Hampton Police Station (1905)

From: The Changing Face of Station Road, Hampton (2014), by John Sheaf:

“The present Police Station building at 68 Station Road dates to 1905. The Surrey Comet reported that in 1900 a new Police Station had been proposed. The police then purchased a plot from the Earl of Carlisle’s Manor House estate. The new Police Station and adjacent shops were all built on Warfield which was then part of the Manor House estate. By August 1904 the Surrey Comet reported that “a new and more commodious Police Station is being erected in Station Road near the World’s End public house by Messrs Collinson of Teddington”. Much later a very old Hampton resident recalled: “The new station was modern but only consisted of a charge room, office, three single cells, one cell for more than one and this had a lavatory which  could be isolated by a sliding door operated from outside, a section house (hostel) and a billiard room. A boyish joke was to be shown over the station and then isolate the guide in the lavatory. Of course one had to be able to run!”

In October 1935 the Hampton UDC minutes record the Council had received a letter from the Metropolitan Police stating that the “rebuilding” of Hampton Police Station was now in progress. The rebuilding was by way of extensions to the earlier building and included the addition of a large two-storey building at the back of the property which was used for vehicle maintenance although this work was contracted out in more recent years. The parking area for police vehicles in front of this additional building was much extended by the purchase and demolition of four old cottages (formerly 60-66 Station Road) in 1958. In 1968 the Police Station was closed and reverted to the status of a police office and the staff were transferred to Teddington and Sunbury. In more recent years the top storey of the police garage was used to house a collection of historic police vehicles and other police memorabilia. These were transferred to Hendon in 2014 leaving the site empty and to await its subsequent fate.”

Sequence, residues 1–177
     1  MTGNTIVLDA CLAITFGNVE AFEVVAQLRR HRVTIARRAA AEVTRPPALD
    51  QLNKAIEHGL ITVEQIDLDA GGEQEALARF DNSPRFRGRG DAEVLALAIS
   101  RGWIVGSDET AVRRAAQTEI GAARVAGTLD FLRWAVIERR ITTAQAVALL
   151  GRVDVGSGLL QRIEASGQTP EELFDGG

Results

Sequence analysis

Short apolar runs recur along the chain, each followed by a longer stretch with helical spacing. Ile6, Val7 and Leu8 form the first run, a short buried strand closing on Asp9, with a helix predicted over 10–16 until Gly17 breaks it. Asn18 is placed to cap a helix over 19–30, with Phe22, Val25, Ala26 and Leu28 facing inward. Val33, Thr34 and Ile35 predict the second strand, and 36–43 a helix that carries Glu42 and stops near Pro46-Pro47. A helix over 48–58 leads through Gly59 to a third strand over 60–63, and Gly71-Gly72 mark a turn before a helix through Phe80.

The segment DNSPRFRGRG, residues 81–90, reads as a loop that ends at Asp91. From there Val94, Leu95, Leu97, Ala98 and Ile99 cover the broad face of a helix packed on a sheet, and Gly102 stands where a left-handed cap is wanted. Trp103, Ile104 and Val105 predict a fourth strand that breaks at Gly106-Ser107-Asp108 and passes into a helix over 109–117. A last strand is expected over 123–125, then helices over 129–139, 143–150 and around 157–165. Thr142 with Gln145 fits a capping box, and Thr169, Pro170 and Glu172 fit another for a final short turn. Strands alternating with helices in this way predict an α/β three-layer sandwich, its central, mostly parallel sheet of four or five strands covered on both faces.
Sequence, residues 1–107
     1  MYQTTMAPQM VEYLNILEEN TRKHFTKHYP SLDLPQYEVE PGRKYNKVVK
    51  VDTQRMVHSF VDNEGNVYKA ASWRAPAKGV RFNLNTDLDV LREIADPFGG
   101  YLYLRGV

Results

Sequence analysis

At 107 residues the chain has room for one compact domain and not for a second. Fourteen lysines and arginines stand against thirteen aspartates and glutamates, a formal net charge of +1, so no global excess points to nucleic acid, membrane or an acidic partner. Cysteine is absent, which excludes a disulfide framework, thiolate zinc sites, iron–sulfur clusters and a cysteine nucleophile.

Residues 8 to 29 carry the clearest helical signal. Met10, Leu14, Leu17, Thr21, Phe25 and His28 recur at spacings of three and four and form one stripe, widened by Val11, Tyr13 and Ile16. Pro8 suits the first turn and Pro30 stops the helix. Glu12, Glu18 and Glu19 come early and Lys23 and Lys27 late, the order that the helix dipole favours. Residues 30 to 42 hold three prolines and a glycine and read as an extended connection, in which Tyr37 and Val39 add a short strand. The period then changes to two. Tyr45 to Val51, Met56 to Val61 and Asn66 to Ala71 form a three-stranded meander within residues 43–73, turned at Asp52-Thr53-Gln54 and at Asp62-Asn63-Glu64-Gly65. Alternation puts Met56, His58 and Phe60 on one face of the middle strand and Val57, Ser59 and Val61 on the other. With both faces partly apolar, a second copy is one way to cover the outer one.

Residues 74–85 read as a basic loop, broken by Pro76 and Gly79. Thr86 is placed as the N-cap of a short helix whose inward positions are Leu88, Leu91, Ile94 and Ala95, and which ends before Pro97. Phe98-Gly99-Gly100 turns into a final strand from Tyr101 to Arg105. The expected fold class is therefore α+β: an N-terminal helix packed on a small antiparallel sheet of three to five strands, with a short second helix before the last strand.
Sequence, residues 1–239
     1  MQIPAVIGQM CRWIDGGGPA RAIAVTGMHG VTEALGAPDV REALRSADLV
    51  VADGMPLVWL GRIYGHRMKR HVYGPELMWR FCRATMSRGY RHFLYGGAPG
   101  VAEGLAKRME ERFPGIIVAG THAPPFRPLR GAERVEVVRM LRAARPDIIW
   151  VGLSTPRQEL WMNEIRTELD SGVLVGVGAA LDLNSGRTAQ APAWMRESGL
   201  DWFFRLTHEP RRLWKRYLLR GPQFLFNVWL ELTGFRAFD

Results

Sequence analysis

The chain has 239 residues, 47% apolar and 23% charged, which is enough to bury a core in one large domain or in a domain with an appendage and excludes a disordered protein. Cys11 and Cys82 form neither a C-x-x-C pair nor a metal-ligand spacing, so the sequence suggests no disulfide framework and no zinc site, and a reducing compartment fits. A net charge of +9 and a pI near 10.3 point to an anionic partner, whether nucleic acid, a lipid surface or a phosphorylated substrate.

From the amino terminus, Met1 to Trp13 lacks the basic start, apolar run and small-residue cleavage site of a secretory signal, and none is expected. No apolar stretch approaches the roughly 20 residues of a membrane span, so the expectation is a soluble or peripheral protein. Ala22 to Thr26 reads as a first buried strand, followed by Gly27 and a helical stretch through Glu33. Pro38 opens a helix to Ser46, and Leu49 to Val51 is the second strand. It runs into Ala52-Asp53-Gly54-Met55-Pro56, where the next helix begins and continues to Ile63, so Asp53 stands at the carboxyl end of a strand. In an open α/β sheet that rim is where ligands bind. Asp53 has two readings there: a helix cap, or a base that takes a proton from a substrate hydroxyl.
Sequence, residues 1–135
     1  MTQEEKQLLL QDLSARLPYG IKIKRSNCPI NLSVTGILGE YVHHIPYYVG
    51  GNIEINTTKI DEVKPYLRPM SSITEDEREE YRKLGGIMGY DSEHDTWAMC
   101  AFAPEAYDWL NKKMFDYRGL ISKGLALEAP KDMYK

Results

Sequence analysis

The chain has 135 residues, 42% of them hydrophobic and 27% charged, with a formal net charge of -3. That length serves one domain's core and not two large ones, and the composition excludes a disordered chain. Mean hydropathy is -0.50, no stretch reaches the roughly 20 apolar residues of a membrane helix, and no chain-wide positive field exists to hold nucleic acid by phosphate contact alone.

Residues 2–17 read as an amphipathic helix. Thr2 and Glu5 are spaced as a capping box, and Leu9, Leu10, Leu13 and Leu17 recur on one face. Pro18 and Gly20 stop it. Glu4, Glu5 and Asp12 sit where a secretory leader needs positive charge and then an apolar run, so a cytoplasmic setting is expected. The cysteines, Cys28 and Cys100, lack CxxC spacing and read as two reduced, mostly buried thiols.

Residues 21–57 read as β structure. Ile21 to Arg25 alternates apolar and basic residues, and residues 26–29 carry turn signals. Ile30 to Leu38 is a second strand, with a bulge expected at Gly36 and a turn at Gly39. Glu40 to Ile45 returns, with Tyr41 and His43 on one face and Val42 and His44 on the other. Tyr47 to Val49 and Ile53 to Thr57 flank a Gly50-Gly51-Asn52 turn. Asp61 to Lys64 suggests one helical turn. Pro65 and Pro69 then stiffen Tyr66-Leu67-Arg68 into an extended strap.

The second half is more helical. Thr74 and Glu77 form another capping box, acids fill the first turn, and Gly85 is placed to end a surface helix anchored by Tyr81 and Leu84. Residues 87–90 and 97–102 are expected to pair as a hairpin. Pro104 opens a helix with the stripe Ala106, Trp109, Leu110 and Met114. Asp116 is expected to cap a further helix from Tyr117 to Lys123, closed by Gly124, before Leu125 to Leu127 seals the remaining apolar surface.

From: London: North (1998), by Bridget Cherry, Nikolaus Pevsner:

“The Metropolitan Police Authority had been set up by an Act of 1829, covering an area extending over a four-to-seven-mile radius of Charing Cross. Its stations built by the first surveyor, Charles Reeves, appointed 1842, were small and unostentatious, of brick with stone quoins. A more ambitious example (which survives as a Traffic Wardens’ Centre) (until 2003), in firm and stately Italianate, is the former divisional headquarters in King’s Cross Road (Finsbury), by T.C. Sorby, of 1869-70. An alternative, more domestic manner was adopted for Norman Shaw‘s station at Kentish Town (1894), establishing a precedent for the most characteristic type which can be recognised all over London. These date from the surveyorship of John Dixon Butler (1895-1920), when an extensive building programme provided London with stations in a severe yet quite domestic style, red brick with spare classical trimmings, distinguished by Butler’s trademark of elongated stone consoles to doors or windows. Hampstead and Highbury Vale are good examples among many. Butler was also responsible for several larger court houses where his originality in the bold use of Free Classical elements could be given more play. Notable examples (both 1906) are in *Old Street, Shoreditch, and the Clerkenwell Courts in King’s Cross Road.”

*”a Mannerist building with a Baroque centrepiece.” (Oxford Reference website).

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